And David shepherded them with integrity of heart; with skillful hands he led them. – Psalm 78:72
Mental health issues always pose a challenge to us. Confusion, heartache, isolation, pain, and relationship problems are only a few. When we find mental health challenges in teens and young adults, it presents a whole new set of issues.
Read below about some of the unique challenges and solutions that mental health issues pose in the teenager or young adult.
Learning and growing in our ability and passion to help those with unique challenges is always appropriate for the disciple. We want to better serve and help (just like Jesus) those in the minority, the young, the hurting, and those without the skills and experiences to help themselves.
Here are a few thoughts about helping teens in crisis:
1) Know the unique challenges of being a teenager or young adult. They are growing and changing almost daily. Their minds and hearts are developing in unique ways.
Some challenges of teenage development:
- A teen’s “job” is to form their identity and achieve independence
- There is plenty of brain development and egocentric thinking occurring
- Teens can be impulsive with black and white thinking
- Teens often take good risks (academic, sports, relationships) and bad risks (dangerous behavior). Emotional outbursts are common.
- Justice is important and they often make extreme conclusions from limited information.
Given this information, how do you think a teen or young adult might react during a crisis of mental health? What would be some normal expectations that may differ from those reactions of an adult? Check out this article on mental health in adolescents.
2) A few thoughts about helping teens and young adults with mental health challenges:
- Teach coping skills that allow them to lessen the impact of mental health problems.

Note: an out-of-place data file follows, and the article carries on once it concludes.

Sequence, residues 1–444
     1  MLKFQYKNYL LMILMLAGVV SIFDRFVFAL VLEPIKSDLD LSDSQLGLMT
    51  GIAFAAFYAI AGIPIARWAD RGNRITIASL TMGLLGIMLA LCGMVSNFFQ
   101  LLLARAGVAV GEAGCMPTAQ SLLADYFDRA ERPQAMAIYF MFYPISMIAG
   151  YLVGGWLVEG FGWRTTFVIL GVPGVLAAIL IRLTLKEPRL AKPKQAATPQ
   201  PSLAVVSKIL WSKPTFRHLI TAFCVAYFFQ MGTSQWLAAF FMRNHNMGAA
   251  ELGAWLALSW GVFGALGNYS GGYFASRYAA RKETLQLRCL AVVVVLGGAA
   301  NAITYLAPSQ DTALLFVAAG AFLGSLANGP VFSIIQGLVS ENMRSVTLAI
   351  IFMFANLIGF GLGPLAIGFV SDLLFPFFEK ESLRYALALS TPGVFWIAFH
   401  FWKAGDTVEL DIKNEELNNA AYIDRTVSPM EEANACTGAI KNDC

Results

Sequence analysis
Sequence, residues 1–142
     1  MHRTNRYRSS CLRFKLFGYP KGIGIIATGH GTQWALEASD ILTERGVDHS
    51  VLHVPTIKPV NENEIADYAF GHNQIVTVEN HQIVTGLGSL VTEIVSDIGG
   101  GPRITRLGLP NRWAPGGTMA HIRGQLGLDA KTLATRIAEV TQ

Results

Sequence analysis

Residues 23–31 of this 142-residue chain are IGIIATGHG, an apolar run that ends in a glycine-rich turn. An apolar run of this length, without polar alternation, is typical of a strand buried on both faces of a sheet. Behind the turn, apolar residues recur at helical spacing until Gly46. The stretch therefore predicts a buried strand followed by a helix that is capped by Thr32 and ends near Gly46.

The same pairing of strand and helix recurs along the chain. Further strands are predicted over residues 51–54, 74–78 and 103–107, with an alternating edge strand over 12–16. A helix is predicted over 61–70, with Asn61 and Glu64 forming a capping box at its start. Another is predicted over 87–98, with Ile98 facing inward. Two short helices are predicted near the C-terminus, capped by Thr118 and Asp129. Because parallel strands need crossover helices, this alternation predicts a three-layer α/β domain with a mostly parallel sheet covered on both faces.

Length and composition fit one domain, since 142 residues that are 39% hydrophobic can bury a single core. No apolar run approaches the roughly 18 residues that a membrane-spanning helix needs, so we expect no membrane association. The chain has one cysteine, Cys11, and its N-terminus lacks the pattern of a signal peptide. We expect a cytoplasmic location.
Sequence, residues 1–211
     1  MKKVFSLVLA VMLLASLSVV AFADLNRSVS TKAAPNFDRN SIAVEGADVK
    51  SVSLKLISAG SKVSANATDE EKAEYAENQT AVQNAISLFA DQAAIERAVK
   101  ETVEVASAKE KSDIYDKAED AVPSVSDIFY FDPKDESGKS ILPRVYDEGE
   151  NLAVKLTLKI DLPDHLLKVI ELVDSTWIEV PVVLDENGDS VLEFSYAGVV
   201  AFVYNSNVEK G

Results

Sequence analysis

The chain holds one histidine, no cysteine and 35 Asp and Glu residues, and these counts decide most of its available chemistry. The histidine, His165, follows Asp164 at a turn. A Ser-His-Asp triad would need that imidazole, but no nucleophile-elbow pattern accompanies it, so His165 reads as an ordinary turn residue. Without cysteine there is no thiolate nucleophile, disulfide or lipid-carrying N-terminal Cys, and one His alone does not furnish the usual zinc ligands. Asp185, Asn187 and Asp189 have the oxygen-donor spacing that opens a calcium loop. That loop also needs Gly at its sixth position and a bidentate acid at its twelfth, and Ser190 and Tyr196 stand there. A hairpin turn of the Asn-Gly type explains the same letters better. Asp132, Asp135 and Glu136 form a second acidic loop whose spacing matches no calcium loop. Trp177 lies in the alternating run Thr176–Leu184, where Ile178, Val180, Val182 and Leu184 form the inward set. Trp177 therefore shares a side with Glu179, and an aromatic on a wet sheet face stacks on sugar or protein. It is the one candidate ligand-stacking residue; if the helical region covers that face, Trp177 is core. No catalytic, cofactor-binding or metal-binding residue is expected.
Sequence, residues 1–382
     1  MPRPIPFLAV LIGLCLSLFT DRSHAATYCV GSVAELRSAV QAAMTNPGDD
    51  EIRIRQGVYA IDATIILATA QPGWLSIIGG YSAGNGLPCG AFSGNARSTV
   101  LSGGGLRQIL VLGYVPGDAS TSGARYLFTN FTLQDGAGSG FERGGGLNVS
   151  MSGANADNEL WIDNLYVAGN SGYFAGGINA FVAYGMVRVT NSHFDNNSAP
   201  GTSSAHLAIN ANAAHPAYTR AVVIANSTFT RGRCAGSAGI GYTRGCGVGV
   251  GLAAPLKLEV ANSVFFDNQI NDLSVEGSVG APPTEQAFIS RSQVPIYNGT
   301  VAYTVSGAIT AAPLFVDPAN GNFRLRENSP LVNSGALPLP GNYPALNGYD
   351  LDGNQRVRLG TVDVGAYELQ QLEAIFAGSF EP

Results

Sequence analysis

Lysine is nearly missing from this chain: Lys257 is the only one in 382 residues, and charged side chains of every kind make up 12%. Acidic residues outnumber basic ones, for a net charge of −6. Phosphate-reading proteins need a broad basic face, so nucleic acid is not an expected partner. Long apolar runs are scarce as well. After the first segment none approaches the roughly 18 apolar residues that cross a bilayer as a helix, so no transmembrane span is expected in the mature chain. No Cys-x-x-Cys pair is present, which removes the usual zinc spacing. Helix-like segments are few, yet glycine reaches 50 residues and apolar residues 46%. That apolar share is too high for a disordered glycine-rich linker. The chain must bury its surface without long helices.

- Encourage a routine in their lives.
- Help with mastery over their environment, including appropriate social media and Internet use.
- Be a great listener! Someone once said, “The #1 job of a parent is to keep their kids talking.” Listen and ask great questions that deepen your conversation. Be patient, loving, and compassionate as they work to verbalize what is going on inside of them.
After three days they found him in the temple courts, sitting among the teachers, listening to them and asking them questions. – Luke 2:46
- Be truthful, answer questions appropriately for their age, and remember that in some ways, they are fragile and yet, quite resilient.
- In regards to inappropriate behavior, I remind kids that they are free to make any decision they want, but they are never free from the consequences of those choices. Support your teens and young adults’ good decisions and the consequences that come with those good decisions.
If you want to know more about the ways this new generation thinks, try this book out. I found it very useful as I work with teens and young adults.
The church setting is the the perfect place for recovery. Learn how to set up a Disciples In Motion weekend visit with Tim. It includes many different opportunities for mental health trainings in the church setting. Click here for more information.